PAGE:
Japan's "K Computer" maintained its position atop the newest edition of the TOP500 List of the world's most powerful supercomputers, thanks to a full build-out that makes it four times as powerful as its nearest competitor.
Installed at the RIKEN Advanced Institute for Computational Science (AICS) in Kobe, Japan, the K Computer
achieved an impressive 10.51 Petaflop/s on the Linpack benchmark using 705,024 SPARC64 processing cores.
The K Computer is the first supercomputer to achieve a performance level of 10 Petaflop/s, or 10 quadrillion calculations per second. The system has been designed by Fujitsu and uses more than 80,00 ultra-high-speed SPARC 64 VIIIfx processors.
"K" draws upon the Japanese word "Kei" for 1016, representing the system's performance goal of 10 petaflops.
In June 2011, the partially built K computer had taken the No. 1 position with a performance of 8.16 Petaflop/s. Contrary to many other recent very large systems, it does not utilize graphics processors or other accelerators. The K Computer is also one of the most energy efficient systems on the list.
Still in second place is the Chinese Tianhe-1A system with 2.57 Petaflop/s performance. One year ago, the Tianhe-1A system took the top spot, but was dethroned when the next TOP500 list was published six months ago.
In fact, the Top 10 supercomputers on the latest list - the 38th edition of the twice-yearly list - remain unchanged from June 2011. The latest list will be the topic of a Birds-of-a-Feather session to be held at 5:30 p.m. Tuesday, Nov. 15, at the SC11 supercomputing conference in Seattle.
The largest U.S. system is a Cray XT5 system called Jaguar and installed at the Oak Ridge National Laboratory, with a 1.75 Petaflop/s performance running the standard Linpack benchmark application. Other top U.S. systems include Cielo, a Cray XE6 at Los Alamos National Laboratory (No. 6); Pleiades, an SGI Altix machine at NASA's Ames Research Center (No.7); Hopper, a Cray XE6 at the National Energy Research Scientific Computing Center (No. 8); and Roadrunner, an IBM system that was the first ever to break the Petaflop/s barrier, at Los Alamos (No. 10). Systems in China, Japan and France round out the Top 10.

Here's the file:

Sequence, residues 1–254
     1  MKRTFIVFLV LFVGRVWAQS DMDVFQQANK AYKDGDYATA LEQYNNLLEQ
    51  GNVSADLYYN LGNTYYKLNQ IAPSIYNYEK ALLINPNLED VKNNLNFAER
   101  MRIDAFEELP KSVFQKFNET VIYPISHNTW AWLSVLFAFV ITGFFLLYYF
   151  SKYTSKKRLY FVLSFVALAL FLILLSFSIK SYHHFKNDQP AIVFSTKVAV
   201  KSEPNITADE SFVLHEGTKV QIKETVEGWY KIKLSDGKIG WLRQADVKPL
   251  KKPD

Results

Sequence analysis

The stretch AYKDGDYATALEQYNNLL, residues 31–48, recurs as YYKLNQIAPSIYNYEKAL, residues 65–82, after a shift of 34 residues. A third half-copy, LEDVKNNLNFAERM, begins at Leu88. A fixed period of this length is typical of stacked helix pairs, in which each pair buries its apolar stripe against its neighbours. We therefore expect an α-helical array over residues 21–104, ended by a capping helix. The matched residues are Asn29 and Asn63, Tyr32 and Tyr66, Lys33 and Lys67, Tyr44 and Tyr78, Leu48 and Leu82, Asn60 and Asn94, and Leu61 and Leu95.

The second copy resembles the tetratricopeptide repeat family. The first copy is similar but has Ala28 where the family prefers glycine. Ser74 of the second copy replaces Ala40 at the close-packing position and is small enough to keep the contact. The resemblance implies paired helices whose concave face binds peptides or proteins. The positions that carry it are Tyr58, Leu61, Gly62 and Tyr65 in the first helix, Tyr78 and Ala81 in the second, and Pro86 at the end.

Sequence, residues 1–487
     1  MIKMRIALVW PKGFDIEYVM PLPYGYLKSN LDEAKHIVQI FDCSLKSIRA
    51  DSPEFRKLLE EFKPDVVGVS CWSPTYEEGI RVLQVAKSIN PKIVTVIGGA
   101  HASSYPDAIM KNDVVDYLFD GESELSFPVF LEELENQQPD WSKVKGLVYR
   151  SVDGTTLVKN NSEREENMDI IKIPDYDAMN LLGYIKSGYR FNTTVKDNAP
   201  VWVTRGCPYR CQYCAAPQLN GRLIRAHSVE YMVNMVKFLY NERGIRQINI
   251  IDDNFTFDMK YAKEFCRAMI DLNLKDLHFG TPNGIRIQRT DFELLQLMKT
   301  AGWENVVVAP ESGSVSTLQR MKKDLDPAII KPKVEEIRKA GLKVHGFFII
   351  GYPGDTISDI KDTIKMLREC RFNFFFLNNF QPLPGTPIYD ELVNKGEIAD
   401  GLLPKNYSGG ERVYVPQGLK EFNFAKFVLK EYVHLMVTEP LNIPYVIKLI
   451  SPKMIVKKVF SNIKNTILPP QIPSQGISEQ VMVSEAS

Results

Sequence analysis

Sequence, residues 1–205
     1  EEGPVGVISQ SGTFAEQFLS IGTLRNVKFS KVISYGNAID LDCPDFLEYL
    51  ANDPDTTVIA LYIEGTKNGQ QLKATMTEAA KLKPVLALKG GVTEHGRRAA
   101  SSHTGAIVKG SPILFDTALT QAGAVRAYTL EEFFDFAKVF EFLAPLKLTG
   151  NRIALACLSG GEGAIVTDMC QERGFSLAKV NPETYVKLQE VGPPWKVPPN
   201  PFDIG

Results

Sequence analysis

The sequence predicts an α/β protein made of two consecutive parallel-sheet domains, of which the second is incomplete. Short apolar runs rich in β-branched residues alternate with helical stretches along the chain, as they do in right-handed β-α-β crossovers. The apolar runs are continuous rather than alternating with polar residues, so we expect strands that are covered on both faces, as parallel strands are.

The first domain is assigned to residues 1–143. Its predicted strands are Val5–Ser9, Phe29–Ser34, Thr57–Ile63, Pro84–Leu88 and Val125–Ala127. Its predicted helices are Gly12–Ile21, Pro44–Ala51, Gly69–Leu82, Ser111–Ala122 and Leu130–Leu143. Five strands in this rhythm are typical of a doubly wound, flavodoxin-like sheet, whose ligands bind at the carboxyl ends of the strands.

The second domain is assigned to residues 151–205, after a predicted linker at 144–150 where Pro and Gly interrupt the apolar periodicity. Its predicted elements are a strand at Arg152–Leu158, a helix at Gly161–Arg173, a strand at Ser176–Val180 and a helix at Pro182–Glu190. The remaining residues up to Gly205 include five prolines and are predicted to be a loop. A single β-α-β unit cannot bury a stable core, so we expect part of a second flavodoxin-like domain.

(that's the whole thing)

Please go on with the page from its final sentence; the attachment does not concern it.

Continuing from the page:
Although the top rankings did not change, the newest list does highlight a number of other developments. For example:
- China keeps increasing its number of systems to 75 and is now clearly the No. 2 country, as a user of HPC, ahead of Japan, UK, France, and Germany.
- The two Chinese systems at No.2 and No. 4 and the Japanese Tsubame 2.0 system at No. 5 are all using NVIDIA GPUs to accelerate computation.
- Thirty-nine systems use GPUs as accelerators (up from 17 six months ago), 35 of these use NVIDIA chips, two use Cell processors, and two use ATI Radeon.
- Already, 62 percent of the systems use processors with six or more cores.
- Intel continues to provide the processors for the largest share (76.8 percent) of TOP500 systems.
- Thanks to the K computer Fujitsu captured the No. 2 spot in market share by total performance slightly ahead of Cray, but IBM stays well ahead of both.
Other points of interest include:
- A total of 384 systems (76.8 percent) are now using Intel processors. This is slightly down from six months ago (386 systems 77.2 percent).
- They are now followed by the AMD Opteron family with 63 systems (12.6 percent), down from 66.
- The share of IBM Power processors has stabilized for now with 49 systems (9.8 percent), up from 45.
- Gigabit Ethernet is still the most-used internal system interconnect technology (223 systems, down from 230 systems), due to its widespread use at industrial customers, followed by InfiniBand technology with 213 systems, up from 208 systems. However, InfiniBand-based systems account for almost twice as much performance (28.7 Petaflop/s) than Gigabit Ethernet ones (14.2 Petaflop/s).
- IBM kept its lead in systems and has now 223 systems (44.6 percent) compared to HP with 140 systems (28.0 percent). HP had 146 systems (29.2 percent) six months ago, compared to IBM with 218 systems (43.6 percent).
Power consumption of supercomputers
TOP500 now tracks actual power consumption of supercomputers in a consistent fashion.
- 29 systems on the list are confirmed to use more than 1 megawatt (MW) of power.
- The No. 1 system, the K computer also reports the highest total power consumption of 12.66 MW. Yet due to its performance, the system is one of the most efficient systems on the list, delivering 830 Mflops/watt.
- The most energy efficient supercomputers are BlueGene/Q with 2,029 Mflops/watt.
- Average power efficiency is 282 Mflops/watt (up from 248 Mflops/watt six months ago and 219 Mflops/watt one year ago).
- Average power consumption of a TOP10 system is 4.56 MW (up from 4.3 MW six months ago) and average power efficiency is 464 Mflops/watt (unchanged).
The TOP500 list is compiled by Hans Meuer of the University of Mannheim, Germany; Erich Strohmaier and Horst Simon of NERSC/Lawrence Berkeley National Laboratory; and Jack Dongarra of the University of Tennessee, Knoxville.